(for whom slocate was the third unix package installed back in the days of the public beta... gfortune was the first, and figlet the second ;)

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Locate versus slocate
Authored by: oybobby on Mar 24, '02 07:32:47PM


I read your article with great interest, but I'm quite puzzled by it since I've found the opposite to be the case (in terms of locate's ability to find things not owned by its invoker).

Here's the text of an unanswered query I made last week to the OS X list at <>:

I've come to rely on Locator 0.7, Sebastian.Krauss's delightful GUI to the Unix/Darwin locate database <>.

It's much MUCH faster than Sherlock and offers some other significant benefits, including its function to index removable media. But locate, and therefore Locator, have some shortcomings, chief among them is that it's only as accurate as the timeliness of the database's last update. By default, the locate database gets updated weekly by a cron script, and then only when your computer is still on in the wee, small hours of Monday morning.

I've added a database update task to cron for every other night, so that my locate database is no more than 24 hours out of date.

But I've just discovered that the database doesn't search in my home directory's sub-directories where many of my files are located. This includes my Documents, Mailboxes, and Music folders.

The locate man page says, in part, that the database contains "all files which are publicly accessible."

So... what do we mean by that?

My home directory is set with umask 0755 (readable and searchable by all) and is owned by me (501) and group staff (20).

My ~/Documents directory has umask 0700 (readable and searchable by me) and is owned the same way as my home dir.

I'm fairly confident that these are standard perms.

Am I missing something, or is locate not set up for this useful usage? Must I change my home directory's subdirs to be world searchable, and if so, is that a problem?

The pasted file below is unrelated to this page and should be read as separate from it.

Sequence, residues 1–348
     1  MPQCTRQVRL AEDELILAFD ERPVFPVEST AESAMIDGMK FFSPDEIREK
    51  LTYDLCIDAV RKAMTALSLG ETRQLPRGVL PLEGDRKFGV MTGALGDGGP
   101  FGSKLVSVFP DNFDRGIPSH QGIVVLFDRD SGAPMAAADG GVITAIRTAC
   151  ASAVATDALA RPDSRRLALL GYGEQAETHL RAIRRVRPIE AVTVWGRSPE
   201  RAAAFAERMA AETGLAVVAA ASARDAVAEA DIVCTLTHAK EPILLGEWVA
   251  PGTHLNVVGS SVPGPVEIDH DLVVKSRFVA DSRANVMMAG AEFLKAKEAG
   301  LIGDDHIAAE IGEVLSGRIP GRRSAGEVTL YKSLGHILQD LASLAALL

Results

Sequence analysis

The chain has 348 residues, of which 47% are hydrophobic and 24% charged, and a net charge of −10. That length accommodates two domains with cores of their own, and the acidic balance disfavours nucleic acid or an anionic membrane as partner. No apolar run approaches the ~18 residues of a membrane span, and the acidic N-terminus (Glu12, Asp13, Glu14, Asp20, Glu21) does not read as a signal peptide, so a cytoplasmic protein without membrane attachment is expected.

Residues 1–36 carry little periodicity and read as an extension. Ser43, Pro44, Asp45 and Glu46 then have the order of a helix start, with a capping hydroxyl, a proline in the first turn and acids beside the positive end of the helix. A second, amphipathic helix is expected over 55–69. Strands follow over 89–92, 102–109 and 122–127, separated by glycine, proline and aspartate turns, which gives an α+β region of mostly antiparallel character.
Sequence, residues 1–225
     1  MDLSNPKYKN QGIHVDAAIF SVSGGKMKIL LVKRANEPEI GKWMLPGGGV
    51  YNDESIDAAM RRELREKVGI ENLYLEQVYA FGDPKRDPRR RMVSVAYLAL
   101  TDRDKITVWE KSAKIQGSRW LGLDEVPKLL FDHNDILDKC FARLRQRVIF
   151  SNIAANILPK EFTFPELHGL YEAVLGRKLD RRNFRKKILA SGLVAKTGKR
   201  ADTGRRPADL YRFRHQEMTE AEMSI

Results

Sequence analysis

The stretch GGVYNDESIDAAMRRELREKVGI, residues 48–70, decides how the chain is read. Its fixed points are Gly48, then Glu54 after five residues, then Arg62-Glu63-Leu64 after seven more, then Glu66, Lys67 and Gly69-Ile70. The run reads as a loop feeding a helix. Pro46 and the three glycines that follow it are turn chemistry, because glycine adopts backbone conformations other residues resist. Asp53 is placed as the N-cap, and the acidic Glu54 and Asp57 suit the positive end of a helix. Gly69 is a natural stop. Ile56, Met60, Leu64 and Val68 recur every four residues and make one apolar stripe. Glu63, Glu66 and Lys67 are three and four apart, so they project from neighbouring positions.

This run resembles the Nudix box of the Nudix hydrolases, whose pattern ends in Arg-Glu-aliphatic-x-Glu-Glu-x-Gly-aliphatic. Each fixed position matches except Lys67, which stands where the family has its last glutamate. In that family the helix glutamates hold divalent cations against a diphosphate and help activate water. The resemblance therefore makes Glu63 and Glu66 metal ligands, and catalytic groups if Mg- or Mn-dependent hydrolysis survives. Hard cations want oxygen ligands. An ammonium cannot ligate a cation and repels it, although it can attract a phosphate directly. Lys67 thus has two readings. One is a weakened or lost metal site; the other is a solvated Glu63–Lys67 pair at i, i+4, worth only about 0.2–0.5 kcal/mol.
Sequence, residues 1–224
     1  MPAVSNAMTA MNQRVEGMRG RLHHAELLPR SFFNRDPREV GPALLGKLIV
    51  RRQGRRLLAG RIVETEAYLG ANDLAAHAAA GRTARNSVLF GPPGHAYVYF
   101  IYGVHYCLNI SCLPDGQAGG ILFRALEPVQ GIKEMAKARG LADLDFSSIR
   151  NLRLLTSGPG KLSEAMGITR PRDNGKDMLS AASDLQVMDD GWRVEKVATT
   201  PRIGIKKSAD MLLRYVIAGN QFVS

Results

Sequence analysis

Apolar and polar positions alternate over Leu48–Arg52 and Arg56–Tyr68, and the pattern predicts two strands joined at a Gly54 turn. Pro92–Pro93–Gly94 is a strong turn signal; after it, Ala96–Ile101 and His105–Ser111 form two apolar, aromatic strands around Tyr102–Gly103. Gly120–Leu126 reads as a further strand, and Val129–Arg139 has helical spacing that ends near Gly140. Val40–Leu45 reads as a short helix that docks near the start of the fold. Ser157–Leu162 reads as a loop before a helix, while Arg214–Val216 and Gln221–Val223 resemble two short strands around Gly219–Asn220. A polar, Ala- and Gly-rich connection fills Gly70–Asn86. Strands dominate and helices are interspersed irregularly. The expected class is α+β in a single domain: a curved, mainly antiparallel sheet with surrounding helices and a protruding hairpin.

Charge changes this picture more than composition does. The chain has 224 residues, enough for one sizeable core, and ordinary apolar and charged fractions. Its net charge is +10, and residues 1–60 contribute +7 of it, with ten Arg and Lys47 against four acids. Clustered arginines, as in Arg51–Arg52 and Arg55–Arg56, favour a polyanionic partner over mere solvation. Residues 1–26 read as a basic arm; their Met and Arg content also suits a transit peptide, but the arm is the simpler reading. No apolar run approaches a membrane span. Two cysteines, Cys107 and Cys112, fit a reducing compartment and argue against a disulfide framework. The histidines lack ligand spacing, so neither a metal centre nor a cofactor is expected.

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Re: Locate versus slocate
Authored by: sjk on Mar 25, '02 10:27:22PM
/etc/weekly runs /usr/libexec/locate.updatedb as user "nobody" so only filenames within directories nobody can read+search will end up in /var/db/locate.db. If you update the database from Locator it runs locate.updatedb as root and won't be restricted by directory permissions so all (well, nearly all) filenames on your local disk will be in /var/db/locate.db. If you want every user to have the ability to "locate" their own files it's easiest to create the db as root, but that also allows them to "locate" anyone's files. A sysadmin-centric approach is to create /var/db/locate.db as root and make it group-readable for a trusted group, restricting everyone else. This is useful for tracking down files for administrative purposes in a server environment. Implementing a more general, user-specific "locate" scheme is nearly futile without file ownership information in locate.db and only worth attempting if the location of each users' files were regulated (e.g. only under home directories). Better to write a locate-style utility that doesn't rely only on pathnames. Or if you only have a couple users you can create a locate.db for each of them. Sorry for the long post; e-mail me if you want more info.

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Changing cmd-F to Locator
Authored by: rharmes on Dec 04, '01 01:45:20PM

Does anyone know how to change cmd-F in the Finder from Sherlock to Locator? I am sick of how slow Sherlock is, and Locator searches at least 10 times faster on my machine.

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Combine locate with grep
Authored by: thinkyhead on Dec 04, '01 11:14:30PM
The real magic of locate happens when you pipe the output to grep. You may have noticed that locate matches anything in the full path of the item you're searching for, so you often get too many results. grep makes it easier to whittle down those large sets to find what you really meant to find.

For example, say you want to find a file named "thing" but you don't want all the items that match "thing" in their path. This will limit the results to items that don't have any more slashes after "thing" (case-insensitive, of course):

locate thing | grep -iE thing[^/]*$

I use a script named "ffind" to do this for anything I want to locate. Here it is:

locate $1 | grep -iE /$1[^/]*\$

There are other variations on the same theme. For example if you want an exact match of the filename (still case-insensitive) use this:

locate thing | grep -iE /thing$